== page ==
PALMER, Alaska -- Two spinning turbines dot the sky above Palmer, putting the quaint colony-era town on the forefront of a grass-roots make-your-own energy movement sweeping Alaska.
One of the wind-power turbines -- like a streamlined pinwheel or a futuristic windmill -- stands above a local chiropractor's office. The other is a green addition to an elementary school playground.
The turbines are part of a move toward renewable energy in Alaska. Wind turbines dot rural Alaska. Solar arrays power a building in Nome. Tourists soak at Chena Hot Springs Resort, a getaway powered by geothermal energy. And increasingly, homeowners are using energy derived from the sun and wind to heat their homes, keep the refrigerator running and charge their iPhones.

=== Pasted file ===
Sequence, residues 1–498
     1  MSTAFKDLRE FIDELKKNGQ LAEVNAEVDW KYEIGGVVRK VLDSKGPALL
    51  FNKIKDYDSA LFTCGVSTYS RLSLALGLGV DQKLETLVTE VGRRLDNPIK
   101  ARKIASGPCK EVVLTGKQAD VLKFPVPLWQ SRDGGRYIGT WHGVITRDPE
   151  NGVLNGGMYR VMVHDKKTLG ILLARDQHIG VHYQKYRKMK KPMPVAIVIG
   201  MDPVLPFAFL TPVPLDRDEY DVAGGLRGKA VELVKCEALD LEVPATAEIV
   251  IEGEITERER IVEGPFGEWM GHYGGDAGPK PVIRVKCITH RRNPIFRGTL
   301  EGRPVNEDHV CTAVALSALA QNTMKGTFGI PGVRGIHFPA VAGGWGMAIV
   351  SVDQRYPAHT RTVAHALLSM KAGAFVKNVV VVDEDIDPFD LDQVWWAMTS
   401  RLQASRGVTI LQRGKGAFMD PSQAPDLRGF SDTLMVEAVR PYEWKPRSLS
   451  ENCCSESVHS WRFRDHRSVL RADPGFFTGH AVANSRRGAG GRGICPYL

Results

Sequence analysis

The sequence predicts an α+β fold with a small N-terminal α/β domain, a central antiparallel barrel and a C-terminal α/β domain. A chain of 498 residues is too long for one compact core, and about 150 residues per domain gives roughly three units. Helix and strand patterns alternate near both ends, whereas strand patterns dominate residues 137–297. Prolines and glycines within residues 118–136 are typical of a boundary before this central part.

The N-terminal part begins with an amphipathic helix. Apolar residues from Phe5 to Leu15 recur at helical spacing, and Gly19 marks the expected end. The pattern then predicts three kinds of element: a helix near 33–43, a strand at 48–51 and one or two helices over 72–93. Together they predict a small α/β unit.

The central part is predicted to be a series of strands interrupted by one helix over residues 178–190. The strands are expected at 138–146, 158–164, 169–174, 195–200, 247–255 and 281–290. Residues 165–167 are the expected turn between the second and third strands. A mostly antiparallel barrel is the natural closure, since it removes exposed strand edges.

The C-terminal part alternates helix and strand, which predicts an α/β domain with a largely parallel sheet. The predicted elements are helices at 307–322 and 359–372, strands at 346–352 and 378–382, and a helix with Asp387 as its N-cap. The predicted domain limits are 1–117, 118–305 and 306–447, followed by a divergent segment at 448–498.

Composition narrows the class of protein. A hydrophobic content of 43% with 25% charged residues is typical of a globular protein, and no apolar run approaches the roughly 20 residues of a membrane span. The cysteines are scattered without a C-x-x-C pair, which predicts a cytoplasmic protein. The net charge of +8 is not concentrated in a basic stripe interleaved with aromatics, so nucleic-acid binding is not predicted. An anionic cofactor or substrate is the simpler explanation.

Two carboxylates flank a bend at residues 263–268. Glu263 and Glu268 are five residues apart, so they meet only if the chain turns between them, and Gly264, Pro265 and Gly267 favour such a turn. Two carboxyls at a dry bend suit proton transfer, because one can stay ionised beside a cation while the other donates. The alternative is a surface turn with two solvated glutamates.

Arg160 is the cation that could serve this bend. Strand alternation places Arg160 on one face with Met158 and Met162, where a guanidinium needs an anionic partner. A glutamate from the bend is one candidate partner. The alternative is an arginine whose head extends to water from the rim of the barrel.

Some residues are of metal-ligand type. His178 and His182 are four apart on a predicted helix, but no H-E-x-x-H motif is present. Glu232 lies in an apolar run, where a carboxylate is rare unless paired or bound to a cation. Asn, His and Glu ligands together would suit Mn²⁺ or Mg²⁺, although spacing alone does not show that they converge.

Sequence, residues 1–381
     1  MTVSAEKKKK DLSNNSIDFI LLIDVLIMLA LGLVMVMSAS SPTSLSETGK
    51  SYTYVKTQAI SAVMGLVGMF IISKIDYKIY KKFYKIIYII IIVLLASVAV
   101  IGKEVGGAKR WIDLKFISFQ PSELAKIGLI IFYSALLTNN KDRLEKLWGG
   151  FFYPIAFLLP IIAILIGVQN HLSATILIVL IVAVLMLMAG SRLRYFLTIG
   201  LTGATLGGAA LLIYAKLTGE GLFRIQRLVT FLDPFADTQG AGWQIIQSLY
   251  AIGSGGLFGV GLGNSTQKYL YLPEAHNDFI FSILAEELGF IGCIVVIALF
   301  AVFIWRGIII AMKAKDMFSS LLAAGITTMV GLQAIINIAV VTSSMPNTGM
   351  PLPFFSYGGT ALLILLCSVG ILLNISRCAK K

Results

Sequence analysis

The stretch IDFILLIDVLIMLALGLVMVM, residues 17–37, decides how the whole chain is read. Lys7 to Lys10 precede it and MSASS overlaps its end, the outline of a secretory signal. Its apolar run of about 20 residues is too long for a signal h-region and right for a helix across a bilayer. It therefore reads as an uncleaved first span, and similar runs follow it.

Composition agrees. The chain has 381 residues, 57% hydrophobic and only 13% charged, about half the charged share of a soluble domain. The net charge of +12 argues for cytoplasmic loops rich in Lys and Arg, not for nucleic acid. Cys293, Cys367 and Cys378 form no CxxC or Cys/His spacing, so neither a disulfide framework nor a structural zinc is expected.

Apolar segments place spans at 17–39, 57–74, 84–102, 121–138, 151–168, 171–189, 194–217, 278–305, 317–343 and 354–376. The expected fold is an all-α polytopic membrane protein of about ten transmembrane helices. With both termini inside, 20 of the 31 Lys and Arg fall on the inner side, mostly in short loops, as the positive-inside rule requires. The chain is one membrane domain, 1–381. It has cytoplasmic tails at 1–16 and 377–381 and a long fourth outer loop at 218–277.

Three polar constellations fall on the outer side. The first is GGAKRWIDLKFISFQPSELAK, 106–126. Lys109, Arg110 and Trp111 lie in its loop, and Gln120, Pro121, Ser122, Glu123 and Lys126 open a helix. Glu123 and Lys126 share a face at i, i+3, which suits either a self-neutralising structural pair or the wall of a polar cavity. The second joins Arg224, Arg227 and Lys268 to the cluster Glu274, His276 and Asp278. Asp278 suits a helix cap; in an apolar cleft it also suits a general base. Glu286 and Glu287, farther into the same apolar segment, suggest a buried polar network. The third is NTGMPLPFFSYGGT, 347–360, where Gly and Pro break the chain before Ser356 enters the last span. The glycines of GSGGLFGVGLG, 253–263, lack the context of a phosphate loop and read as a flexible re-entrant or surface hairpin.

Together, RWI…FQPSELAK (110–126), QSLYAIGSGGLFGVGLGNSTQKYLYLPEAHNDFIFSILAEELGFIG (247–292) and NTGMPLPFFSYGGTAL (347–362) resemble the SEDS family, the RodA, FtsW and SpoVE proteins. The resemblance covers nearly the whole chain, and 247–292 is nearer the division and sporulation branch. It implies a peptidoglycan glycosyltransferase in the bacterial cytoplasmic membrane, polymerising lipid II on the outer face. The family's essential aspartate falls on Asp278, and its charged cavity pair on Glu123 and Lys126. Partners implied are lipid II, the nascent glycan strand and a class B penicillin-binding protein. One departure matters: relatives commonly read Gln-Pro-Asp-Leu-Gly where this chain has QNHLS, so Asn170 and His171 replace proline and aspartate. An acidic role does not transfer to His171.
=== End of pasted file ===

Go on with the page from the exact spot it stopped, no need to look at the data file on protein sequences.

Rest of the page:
Some involved in this movement are driven by a desire to reduce their impact on the environment. For others, the decision is financial. Using alternative energy means less reliance on diesel fuel to power generators.
State and local officials have been busy writing new rules for how all this can work, especially the backyard wind turbines.
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